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US accuses South Africa of secretly arming Russia as war in Ukraine escalates

May 12, 2023

The US accused the South Africa government on Thursday of secretly providing weapons to Russia last December, escalating an already contentious geopolitical controversy for the Biden administration over whether the US ally is getting too cozy with Russian President Vladimir Putin.

At a news conference in the South African capital, U.S. Ambassador Reuben Brigety said the Biden administration is certain that arms were loaded onto a vessel in the dead of night at the Simon’s Town naval base over three days and then transported to Russia, according to reports of his comments by South African news outlets.

South African President Cyril Ramaphosa was asked about Brigety’s comments during a meeting of Parliament and refused to confirm or deny the U.S. accusations.

“The matter is being looked into,” Ramaphosa told political opposition leader John Steenhuisen, according to a video of the proceedings viewed by USA TODAY. “And in time in time we’ll be able to speak about it. An investigation is underway.

Ramaphosa declined to comment further, citing the ongoing investigation.

The controversy comes as Russia and the US feud over the allegiances of old and new allies in what has increasingly become an arms race and battle for influence over the war in Ukraine. Brigety’s sharp comments also underscored the increasing tensions between the West and countries that have stopped short of condemning Russia over the war or joining in sanctions efforts.

Steenhuisen told the South African president that “ammunition and materials of war were loaded onto the sanctioned Russian ship ‘the Lady R’ when she docked at your government’s naval base in Simon’s Town last December. This suggests that the ANC government is actively arming Russian soldiers who are murdering and maiming innocent people, not only in Ukraine but also across the African continent.”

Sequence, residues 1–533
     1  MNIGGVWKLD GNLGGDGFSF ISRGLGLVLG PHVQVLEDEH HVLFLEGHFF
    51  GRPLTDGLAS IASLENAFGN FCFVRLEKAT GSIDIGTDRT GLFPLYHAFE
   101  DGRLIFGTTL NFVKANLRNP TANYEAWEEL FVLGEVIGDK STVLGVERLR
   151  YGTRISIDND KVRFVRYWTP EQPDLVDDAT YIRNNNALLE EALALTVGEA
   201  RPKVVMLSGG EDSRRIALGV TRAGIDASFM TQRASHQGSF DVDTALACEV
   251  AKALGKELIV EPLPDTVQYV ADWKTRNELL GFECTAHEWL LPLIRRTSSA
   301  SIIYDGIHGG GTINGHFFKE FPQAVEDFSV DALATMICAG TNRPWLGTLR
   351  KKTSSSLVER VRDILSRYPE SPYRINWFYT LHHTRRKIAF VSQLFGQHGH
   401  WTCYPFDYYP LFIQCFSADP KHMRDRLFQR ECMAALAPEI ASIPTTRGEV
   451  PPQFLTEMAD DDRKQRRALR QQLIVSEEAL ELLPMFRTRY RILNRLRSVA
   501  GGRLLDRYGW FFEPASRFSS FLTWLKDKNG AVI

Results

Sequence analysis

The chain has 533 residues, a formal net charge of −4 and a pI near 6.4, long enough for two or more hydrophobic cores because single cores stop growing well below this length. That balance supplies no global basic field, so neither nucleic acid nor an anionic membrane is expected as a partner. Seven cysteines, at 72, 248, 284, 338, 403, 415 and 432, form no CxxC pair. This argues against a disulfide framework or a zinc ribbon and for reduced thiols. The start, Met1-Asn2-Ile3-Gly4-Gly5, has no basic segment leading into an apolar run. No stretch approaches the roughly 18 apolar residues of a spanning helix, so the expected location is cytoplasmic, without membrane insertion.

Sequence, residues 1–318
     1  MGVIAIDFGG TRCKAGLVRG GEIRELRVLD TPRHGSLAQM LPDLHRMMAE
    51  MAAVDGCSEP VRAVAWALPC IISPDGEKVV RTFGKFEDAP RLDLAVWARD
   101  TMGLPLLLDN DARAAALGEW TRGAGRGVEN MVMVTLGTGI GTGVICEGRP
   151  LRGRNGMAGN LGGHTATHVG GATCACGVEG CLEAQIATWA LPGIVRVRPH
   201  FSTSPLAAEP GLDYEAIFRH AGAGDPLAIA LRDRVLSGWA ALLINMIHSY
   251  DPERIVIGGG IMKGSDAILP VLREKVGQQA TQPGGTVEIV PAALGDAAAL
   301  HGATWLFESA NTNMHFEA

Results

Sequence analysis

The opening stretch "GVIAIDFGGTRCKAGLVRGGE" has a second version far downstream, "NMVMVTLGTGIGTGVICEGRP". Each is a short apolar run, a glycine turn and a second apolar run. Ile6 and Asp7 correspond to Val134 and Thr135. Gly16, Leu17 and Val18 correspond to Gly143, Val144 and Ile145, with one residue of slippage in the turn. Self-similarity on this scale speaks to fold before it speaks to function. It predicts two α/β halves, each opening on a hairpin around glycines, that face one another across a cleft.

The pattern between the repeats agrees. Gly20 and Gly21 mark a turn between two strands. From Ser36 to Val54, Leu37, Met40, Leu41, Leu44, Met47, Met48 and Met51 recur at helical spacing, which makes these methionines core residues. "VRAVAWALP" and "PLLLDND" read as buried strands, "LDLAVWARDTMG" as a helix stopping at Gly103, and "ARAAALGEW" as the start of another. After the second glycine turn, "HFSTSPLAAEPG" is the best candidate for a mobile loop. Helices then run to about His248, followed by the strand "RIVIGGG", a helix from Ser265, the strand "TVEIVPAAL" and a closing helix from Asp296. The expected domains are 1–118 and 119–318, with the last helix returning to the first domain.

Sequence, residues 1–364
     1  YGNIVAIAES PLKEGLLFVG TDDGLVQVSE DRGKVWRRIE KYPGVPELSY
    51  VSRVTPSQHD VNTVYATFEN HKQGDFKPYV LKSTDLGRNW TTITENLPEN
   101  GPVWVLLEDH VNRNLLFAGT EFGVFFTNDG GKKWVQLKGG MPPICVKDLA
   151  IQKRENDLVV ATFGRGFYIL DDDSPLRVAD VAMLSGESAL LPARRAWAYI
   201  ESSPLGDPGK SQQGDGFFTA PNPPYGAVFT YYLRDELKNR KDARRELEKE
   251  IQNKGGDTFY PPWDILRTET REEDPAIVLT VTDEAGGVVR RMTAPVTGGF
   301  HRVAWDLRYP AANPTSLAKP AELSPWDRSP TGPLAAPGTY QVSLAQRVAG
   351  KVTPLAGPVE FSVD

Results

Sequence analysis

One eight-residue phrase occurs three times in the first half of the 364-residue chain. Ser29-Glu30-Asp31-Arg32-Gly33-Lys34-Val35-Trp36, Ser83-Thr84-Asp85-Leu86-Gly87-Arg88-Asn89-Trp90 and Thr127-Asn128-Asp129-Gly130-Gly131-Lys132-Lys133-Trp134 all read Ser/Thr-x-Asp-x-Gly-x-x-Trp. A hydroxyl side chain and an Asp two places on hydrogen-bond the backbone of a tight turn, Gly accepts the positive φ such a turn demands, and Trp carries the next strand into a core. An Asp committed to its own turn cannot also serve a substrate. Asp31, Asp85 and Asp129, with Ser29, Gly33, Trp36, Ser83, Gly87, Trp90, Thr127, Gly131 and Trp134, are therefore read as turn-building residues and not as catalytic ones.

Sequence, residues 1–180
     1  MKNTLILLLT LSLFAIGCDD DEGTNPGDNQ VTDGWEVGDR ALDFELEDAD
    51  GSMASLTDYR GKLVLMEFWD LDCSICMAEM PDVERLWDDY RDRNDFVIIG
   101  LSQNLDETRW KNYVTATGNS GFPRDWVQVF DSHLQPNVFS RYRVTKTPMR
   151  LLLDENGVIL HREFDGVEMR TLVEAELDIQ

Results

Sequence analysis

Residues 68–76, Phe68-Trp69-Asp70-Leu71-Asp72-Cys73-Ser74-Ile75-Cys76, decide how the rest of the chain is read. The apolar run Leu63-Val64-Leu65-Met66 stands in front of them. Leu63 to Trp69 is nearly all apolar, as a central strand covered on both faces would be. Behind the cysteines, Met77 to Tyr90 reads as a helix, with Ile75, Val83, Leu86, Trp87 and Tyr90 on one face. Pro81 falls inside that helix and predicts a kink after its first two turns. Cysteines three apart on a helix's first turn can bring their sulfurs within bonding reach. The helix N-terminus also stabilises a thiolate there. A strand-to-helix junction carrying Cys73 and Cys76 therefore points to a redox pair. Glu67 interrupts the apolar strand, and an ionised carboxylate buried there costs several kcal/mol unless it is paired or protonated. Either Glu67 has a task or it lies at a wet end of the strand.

“It’s been half a year now since the scandal of the ‘Lady R’ docking in Simon’s Town broke,” Steenhuisen continued. “And I find it inconceivable that a president worth his salt would not have been briefed on the situation by now.”

Brigety said South Africa’s alleged arming of Russia during its invasion of Ukraine was “extremely serious” and called into question South Africa’s supposed neutral stance in the conflict.

“Among the things we (the U.S.) noted was the docking of the cargo ship in the Simon’s Town Naval Base between the 6th and 8th December 2022, which we are confident uploaded weapons and ammunition onto that vessel in Simon’s Town as it made its way back to Russia,” Brigety was quoted as saying, according to media covering his news conference.

Moeletsi Mbeki, a political analyst and deputy chairperson of the South African Institute of International Affairs, said the United States has closely watched the strategic port city dating back decades, and likely has near iron-clad intelligence.

“I think it’s very improbable, it’s very unlikely that they would make such an allegation if they didn’t have evidence,” Mbeki said on a televised interview on one of South Africa’s major news outlets. “The United States has a huge interest in Simon’s Town and in the Cape sea route. Even during the apartheid era, the United States government and the British government had an agreement with the apartheid government to monitor Soviet shipping going around the Cape.

U.S. concerns about a key ally